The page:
»As we all need care, and most of us the capacity to learn the skills to enact it, I propose that care is a common resource.«

Because of the scalarity of effects of Covid-19, largely felt in its economic dimension, some communities and institutions have permitted the practice of care as a common need to come to the center, or at least closer to the center, of their program.23 While no doubt this will evolve as the lockdowns and other restrictions change, it feels hopeful that the experiences of the inability to access the basic infrastructures that hold up particular lives, may help create new social identities for realizing infrastructures that hold up more lives. In possibly having a more open relationship to our inherent vulnerability and need for care, can we imagine their stronger integration and reintegration with movements, socialites, and interrelations, going forward? Can we enact care not as something to cling to for personal security, as instructed by our divided social-economic systems, or as a gesture contained within types of enclosed sites, interfaces, and relations, but, through its ongoing examination? Rather than with blind or uncaring consumption-assumption, in the face of its vulgarity of our conditionalities as vulnerable beings, can we engage with care in grace?24

Before things may return to what they were, for a brief recent moment, many people felt what it’s like to be alive through a less manicured experience of vulnerability, and, with new manifestations of its management – including ones that need to be done dramatically differently to more accurately value the care of every entities’ vulnerability. Maybe something from this will stick, even if just a little.

Genevieve Costello is a cultural researcher and artist. She is currently working on her PhD project Communities of Care for Technofeminist Futures at Royal Holloway, University of London, and collaborates as part of ReUnion Network. She is a current fellow at Akademie Schloss Solitude in the sphere of practice Scientific.

  1. »On the most general level, we suggest that caring be viewed as a species activity that includes everything that we do to maintain, continue, and repair our ›world‹ so that we can live in it as well as possible. That world includes our bodies, ourselves, and our environment, all of which we seek to interweave in a complex, life-sustaining web.« Berenice Fischer and Joan C. Tronto, »Toward a Feminist Theory of Caring,« in: Circles of Care: Work and Identity in Women’s Lives, New York 1991: p. 40.

  2. While all living things are vulnerable to things (not excluding nonliving things) that may negatively affect their experience of living, fears differ based on what we feel vulnerable to. Thus, the care given, to protect and to provide security, differs based on the object of threat, and, to who or what counts as a being and which objects are valorized as something to secure.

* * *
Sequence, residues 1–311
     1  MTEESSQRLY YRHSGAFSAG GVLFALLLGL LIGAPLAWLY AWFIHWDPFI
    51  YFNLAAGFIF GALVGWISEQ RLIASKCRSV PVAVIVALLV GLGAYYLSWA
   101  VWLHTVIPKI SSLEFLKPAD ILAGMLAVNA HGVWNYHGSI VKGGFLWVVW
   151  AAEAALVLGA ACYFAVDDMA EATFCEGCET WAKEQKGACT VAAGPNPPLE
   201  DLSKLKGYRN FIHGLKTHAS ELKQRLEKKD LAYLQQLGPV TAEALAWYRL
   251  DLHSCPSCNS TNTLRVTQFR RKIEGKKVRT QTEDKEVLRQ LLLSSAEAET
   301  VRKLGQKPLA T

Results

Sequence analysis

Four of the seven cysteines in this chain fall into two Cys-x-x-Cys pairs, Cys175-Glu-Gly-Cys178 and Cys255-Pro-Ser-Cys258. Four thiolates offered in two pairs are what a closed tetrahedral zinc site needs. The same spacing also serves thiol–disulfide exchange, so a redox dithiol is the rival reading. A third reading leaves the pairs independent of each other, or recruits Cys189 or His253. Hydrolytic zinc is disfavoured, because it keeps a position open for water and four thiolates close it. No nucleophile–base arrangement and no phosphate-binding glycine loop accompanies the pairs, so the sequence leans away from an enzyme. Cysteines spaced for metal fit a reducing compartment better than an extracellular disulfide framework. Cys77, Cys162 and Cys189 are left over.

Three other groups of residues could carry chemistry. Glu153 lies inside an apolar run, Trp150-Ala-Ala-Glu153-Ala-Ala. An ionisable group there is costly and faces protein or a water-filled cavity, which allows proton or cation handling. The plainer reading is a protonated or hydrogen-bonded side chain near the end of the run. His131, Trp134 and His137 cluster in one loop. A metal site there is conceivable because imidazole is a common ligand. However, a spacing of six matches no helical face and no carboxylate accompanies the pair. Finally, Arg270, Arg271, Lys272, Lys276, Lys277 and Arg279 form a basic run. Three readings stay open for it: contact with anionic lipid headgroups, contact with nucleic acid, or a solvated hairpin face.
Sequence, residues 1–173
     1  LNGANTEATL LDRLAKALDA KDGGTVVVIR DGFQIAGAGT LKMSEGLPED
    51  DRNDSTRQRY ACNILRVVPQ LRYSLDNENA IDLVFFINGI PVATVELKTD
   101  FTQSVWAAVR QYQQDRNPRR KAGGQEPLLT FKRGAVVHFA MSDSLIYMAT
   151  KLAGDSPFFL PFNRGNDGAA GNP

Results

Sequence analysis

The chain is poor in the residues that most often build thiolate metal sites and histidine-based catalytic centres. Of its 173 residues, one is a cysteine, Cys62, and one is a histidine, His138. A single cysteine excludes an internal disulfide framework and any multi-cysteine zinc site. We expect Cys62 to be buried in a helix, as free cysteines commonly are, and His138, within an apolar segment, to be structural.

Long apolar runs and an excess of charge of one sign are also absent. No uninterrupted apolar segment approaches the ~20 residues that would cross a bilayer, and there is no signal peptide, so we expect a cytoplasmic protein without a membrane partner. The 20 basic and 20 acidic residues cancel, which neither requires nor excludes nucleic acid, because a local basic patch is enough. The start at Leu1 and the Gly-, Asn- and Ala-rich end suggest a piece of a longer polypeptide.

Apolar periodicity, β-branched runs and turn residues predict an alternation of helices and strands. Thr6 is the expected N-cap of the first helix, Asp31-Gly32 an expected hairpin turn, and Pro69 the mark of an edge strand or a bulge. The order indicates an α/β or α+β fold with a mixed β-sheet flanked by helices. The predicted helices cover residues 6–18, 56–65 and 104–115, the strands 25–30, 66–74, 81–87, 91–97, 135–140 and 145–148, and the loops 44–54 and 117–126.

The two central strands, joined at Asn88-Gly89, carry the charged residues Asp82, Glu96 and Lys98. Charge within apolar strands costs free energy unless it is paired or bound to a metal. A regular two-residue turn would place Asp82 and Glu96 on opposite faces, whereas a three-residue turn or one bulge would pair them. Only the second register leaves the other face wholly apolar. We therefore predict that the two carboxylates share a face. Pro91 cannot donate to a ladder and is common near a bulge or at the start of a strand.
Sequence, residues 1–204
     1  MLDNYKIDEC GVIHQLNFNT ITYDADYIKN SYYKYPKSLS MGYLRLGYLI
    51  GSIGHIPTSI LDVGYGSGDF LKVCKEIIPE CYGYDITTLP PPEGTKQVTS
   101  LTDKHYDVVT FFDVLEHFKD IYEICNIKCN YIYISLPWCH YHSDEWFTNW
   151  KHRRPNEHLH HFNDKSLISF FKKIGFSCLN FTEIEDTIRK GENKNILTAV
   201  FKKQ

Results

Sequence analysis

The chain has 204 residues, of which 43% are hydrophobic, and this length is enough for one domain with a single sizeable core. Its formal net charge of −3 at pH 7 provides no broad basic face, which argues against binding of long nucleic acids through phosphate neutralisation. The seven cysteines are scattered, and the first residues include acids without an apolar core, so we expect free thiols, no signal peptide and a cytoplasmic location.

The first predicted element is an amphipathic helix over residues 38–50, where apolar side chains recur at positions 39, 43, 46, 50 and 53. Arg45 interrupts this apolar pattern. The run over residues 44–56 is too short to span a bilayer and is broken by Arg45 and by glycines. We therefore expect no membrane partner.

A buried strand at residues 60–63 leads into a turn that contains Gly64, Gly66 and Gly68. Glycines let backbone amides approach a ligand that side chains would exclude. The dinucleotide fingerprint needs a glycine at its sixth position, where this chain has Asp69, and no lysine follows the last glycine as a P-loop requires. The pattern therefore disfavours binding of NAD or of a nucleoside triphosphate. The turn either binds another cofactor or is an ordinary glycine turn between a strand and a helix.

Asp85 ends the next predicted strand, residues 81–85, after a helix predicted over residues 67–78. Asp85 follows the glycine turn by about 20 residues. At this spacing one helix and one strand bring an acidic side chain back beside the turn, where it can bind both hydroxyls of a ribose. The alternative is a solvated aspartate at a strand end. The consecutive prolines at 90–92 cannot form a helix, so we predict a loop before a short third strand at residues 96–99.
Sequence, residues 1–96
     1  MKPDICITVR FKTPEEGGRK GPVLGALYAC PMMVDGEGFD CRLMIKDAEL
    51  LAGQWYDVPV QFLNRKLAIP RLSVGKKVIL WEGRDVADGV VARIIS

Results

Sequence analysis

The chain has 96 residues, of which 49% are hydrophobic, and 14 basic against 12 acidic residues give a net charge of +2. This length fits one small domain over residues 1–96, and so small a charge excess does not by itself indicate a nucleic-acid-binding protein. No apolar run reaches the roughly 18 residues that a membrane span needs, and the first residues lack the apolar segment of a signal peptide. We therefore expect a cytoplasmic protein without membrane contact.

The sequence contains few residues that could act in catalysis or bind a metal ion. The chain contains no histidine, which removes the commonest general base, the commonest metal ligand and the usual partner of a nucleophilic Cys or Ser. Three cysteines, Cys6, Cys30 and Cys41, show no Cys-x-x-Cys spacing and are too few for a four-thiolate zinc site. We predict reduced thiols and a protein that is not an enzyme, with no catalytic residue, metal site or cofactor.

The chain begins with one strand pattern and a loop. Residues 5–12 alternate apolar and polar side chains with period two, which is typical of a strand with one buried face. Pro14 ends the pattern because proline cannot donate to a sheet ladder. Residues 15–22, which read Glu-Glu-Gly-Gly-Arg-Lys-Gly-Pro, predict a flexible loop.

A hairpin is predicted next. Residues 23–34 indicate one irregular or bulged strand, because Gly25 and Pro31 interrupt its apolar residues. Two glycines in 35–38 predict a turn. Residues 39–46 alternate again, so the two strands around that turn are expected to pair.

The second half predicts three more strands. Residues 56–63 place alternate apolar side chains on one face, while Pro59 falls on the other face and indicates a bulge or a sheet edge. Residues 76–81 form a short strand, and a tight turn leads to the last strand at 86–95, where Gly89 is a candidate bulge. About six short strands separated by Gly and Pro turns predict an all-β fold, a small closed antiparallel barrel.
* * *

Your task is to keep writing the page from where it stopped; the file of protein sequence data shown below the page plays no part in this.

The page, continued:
3. Joan C. Tronto, Moral Boundaries: A Political Argument for an Ethic of Care, New York and London 1993: pp. 104, 108.

  4. Ibid.: p.127.

  5. Importantly, I do not suggest or support that care should be considered a natural resource nor that it should be de facto free.

  6. Silvia Federici illuminates how the historical elements of the war against women, as the great witch hunt, were part in parcel with the growth of capitalism in her pre-eminent text Caliban and the Witch: Women, the Body, and Primitive Accumulation, New York 2004.

  7. Federici, Caliban and the Witch, 2004: p. 8.

  8. Tronto, Caring Democracy: Markets, Equality and Justice, New York and London 2013: p. 10; Moral Boundaries, 1993: pp. 113–116.

  9. Tronto demarcates this phenomenon as privileged irresponsibility, when »those who are relatively privileged are granted by that privilege the opportunity simply to ignore certain forms of hardships that they do not face.« Moral Boundaries, 1993: pp. 120–1; Caring Democracy, 2013: p. 60.

  10. For more on this cycle see the large resources regarding the global care chain; related still, Helen Hester and Nick Srnicek’s »The Crises of Social Reproduction and the End of Work« in The Age of Perplexity: Rethinking the World We Knew, Open Mind, 2018, available online at: https://www.bbvaopenmind.com/wp-content/uploads/2018/03/BBVA-OpenMind-Helen-Hester-Nick-Srnicek-The-Crisis-of-Social-Reproduction-and-the-End-of-Work.pdf; and Nancy Fraser, »Contradictions of Capital and Care,« in New Left Review, vol. 100, 2016.

  11. Tronto, Moral Boundaries, 1993: p. 116.

  12. Privileged irresponsibility bolsters the livability in the culturally embedded notion of the ideal neoliberal capitalist subject, »I made it on my own, you should make it on your own.« As Tronto explains, »this notion … appears to have the formal quality of a morally correct and universalizable judgment, it can also serve to disguise the inequality of resources, powers, and privileges that have made it possible for some to ›make it‹ while others have not.« Ibid., p. 111.